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Using Ensembles in Kaggle Data Science Competitions – Part 2


Aspiring to be a Top Kaggler? Learn more methods like Stacking & Blending. In the previous post we discussed about ensembling models by ways of weighing, averaging and ranks. There is much more to explore in Part-2!



By Henk van Veen


Stacked Generalization & Blending

Averaging prediction files is nice and easy, but it’s not the only method that the top Kagglers Repetition code are using. The serious gains start with stacking and blending. Hold on to your top-hats and petticoats: Here be dragons. With 7 heads. Standing on top of 30 other dragons.

Netflix
This image shows netflix leaderboard results with blending hundreds of predictive models

Blending hundreds of predictive models to finally cross the finish line.



Netflix organized and popularized the first data science competitions. Competitors in the movie recommendation challenge really pushed the state of the art on ensemble creation, perhaps so much so that Netflix decided not to implement the winning solution in production. That one was simply too complex.

Nevertheless, a number of papers and novel methods resulted from this challenge:
All are interesting, accessible and relevant reads when you want to improve your Kaggle game.

Stacked generalization

Stacked generalization was introduced by Wolpert in a 1992 paper, 2 years before the seminal Breiman paper “Bagging Predictors“. Wolpert is famous for another very popular machine learning theorem:

“There is no free lunch in search and optimization“.

The basic idea behind stacked generalization is to use a pool of base classifiers, then using another classifier to combine their predictions, with the aim of reducing the generalization error.

Let’s say you want to do 2-fold stacking:

  • Split the train set in 2 parts: train_a and train_b
  • Fit a first-stage model on train_a and create predictions for train_b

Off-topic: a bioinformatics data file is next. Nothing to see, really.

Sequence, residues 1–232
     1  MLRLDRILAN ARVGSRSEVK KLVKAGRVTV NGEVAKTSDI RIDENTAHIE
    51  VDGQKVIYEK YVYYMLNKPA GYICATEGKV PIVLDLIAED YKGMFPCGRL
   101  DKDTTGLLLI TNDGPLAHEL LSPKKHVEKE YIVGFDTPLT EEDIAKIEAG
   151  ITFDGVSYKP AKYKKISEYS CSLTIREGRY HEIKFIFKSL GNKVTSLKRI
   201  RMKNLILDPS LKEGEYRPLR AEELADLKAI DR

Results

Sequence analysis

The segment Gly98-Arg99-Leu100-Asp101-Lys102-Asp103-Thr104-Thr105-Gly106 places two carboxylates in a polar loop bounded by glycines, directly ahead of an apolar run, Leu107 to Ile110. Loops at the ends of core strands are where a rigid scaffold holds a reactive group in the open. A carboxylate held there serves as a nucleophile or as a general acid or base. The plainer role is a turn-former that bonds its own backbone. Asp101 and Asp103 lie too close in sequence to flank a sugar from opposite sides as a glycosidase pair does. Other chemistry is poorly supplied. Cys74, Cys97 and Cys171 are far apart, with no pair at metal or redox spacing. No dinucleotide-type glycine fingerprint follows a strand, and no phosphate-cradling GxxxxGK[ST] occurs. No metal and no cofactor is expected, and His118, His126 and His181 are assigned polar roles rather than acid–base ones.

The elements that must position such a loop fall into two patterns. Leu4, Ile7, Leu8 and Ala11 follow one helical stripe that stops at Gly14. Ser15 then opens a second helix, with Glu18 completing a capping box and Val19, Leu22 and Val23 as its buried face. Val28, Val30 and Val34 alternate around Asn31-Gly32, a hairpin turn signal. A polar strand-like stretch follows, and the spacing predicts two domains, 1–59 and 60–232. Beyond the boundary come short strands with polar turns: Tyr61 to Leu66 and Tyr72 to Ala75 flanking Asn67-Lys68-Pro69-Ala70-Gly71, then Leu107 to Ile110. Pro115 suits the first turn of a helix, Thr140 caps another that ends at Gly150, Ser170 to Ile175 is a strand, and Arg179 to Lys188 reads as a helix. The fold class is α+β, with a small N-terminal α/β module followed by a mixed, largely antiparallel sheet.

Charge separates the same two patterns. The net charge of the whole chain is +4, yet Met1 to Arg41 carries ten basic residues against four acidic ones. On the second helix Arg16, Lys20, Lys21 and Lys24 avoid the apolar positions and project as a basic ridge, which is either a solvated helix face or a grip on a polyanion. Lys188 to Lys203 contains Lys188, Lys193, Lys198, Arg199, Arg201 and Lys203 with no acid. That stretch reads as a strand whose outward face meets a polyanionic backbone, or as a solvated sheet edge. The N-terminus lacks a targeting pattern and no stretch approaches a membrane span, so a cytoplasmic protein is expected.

• Fit the same model on train_b and create predictions for train_a
  • Finally fit the model on the entire train set and create predictions for the test set.
  • Now train a second-stage stacker model on the probabilities from the first-stage model(s).

A stacker model gets more information on the problem space by using the first-stage predictions as features, than if it was trained in isolation.

Blending

Blending is a word introduced by the Netflix winners. It is very close to stacked generalization, but a bit simpler and less risk of an information leak. Some researchers use “stacked ensembling” and “blending” interchangeably.

With blending, instead of creating out-of-fold predictions for the train set, you create a small holdout set of say 10% of the train set. The stacker model then trains on this holdout set only.

Blending has a few benefits:

  • It is simpler than stacking.
  • It wards against an information leak: The generalizers and stackers use different data.
  • You do not need to share a seed for stratified folds with your teammates. Anyone can throw models in the ‘blender’ and the blender decides if it wants to keep that model or not.

 
However, The cons are:

  • You use less data overall
  • The final model may overfit to the holdout set.
  • Your CV is more solid with stacking (calculated over more folds) than using a single small holdout set.

 
As for performance, both techniques are able to give similar results, and it seems to be a matter of preference and skill which you prefer. The author prefers stacking.

If you can not choose, you can always do both. Create stacked ensembles with stacked generalization and out-of-fold predictions. Then use a holdout set to further combine these models at a third stage which we will explore next.

Using Ensembles in Kaggle Data Science Competitions – Part 1

Using Ensembles in Kaggle Data Science Competitions – Part 3

How are you planning to implement what you learned? Share your thoughts!

Original: Kaggle Ensembling Guide by Henk van Veen.

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